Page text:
Mobile money initiative launched for refugee populations in Jordan

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A first-of-its-kind initiative focusing on financially empowering vulnerable groups such as low income Jordanians and refugees was launched on Wednesday, it has been announced.

The Mobile Money for Resilience (MM4R) is the result of an agreement signed between the Central Bank of Jordan and Bill & Melinda Gates Foundation. According to a statement released here, MM4R will provide access to more advanced digital financial services, such as payment transfers, savings and credit.

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Launched with a $3 million contribution from the Bill & Melinda Gates Foundation, MM4R hopes to raise up to $11 million over five years to scale up mobile money services in government and humanitarian agency cash transfer programs.

MM4R mainly targets low income Jordanians in Ma’an, Tafileh, Mafraq and the capital Amman, in addition to refugees. Jordan currently hosts over 655,000 Syrian refugees registered by the UNHCR. Using mobile money for cash assistance will build resilience in households and businesses, and support local economic development, said the statement.

Syrian refugees register at an employment office at the Azraq Refugee Camp on Feb. 18, 2018. (AP)
Syrian refugees register at an employment office at the Azraq Refugee Camp on Feb. 18, 2018. (AP)

Financial inclusion

Dr. Ziad Fariz, Central Bank of Jordan Governor called this an important component of Jordan’s 2018-2020 National Financial Inclusion Strategy, which is focused on empowering the unbanked and financially under-served segments of the population.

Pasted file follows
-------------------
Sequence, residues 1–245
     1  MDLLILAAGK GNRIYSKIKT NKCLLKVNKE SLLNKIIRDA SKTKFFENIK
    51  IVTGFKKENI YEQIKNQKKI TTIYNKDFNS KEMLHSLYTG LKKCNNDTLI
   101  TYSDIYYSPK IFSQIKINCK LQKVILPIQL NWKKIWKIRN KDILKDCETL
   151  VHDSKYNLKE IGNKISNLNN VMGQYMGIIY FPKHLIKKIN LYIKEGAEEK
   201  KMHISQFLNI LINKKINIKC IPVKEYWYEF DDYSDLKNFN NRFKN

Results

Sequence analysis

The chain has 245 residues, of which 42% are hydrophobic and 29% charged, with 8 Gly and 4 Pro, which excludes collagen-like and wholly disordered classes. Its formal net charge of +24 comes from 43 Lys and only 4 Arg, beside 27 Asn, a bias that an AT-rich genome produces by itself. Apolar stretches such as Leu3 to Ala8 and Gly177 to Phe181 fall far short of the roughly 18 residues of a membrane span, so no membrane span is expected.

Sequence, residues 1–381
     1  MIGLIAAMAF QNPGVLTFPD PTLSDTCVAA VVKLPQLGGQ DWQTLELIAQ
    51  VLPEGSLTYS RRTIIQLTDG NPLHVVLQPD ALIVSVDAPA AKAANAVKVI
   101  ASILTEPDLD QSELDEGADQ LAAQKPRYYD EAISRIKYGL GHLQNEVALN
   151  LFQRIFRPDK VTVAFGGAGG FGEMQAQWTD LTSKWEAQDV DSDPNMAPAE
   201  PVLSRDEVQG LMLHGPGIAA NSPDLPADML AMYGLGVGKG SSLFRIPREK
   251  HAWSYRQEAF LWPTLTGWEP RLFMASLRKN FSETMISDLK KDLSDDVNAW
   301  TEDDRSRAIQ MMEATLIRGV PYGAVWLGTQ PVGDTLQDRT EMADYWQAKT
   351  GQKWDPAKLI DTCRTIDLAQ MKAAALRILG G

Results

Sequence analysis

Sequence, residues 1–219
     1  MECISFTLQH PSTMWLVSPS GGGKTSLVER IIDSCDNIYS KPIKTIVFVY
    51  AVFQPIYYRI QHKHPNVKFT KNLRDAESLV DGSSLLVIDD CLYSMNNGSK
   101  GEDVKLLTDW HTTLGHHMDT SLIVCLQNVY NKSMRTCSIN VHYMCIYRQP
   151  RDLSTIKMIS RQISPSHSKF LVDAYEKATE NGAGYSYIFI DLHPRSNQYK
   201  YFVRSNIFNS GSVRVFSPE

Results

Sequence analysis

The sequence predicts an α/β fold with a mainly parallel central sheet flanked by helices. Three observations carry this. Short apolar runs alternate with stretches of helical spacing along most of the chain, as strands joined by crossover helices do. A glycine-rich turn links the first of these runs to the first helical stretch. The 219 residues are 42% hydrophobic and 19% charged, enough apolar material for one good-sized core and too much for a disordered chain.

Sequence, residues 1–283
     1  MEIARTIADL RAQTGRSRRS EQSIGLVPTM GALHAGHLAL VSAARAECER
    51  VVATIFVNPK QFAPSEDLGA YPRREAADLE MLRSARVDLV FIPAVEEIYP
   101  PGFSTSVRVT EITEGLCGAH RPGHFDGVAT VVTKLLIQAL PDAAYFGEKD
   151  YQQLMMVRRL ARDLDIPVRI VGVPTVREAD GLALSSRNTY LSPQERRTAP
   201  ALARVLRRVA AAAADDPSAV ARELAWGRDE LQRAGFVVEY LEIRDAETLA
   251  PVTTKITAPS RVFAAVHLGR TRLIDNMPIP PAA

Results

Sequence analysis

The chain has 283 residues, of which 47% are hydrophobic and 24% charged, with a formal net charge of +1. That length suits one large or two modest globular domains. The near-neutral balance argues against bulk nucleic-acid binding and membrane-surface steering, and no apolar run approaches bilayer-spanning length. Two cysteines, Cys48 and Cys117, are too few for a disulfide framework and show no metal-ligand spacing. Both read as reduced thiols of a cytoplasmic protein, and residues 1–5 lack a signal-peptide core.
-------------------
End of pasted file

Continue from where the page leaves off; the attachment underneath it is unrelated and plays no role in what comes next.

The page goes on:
“Initiatives like MM4R help to make humanitarian solutions more sustainable by building resilience and social cohesion. We hope to enable both low income Jordanians and refugees to build financial identities by giving them the chance to receive remittances and safely store funds in a more convenient and digital way,” he said.

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Dr. Valerie Nkamgang Bemo, who leads the Gates Foundation’s global humanitarian program said that digital financial service programs such as these will allow the most vulnerable populations to receive and save money, grow businesses, and escape poverty. “We believe this will result in a better integrated society, and we welcome other partners to join this important effort to expand its impact,” Dr. Valerie said.

MM4R will facilitate partnerships between donors, government agencies, humanitarian actors, and the private sector aimed at improving the quality of life of refugees and Jordanians by expanding access to finance, developing the digital financial service ecosystem, and improving the effectiveness of humanitarian cash transfer programs. The program will be managed by a dedicated unit, which will be embedded in the Central Bank of Jordan.

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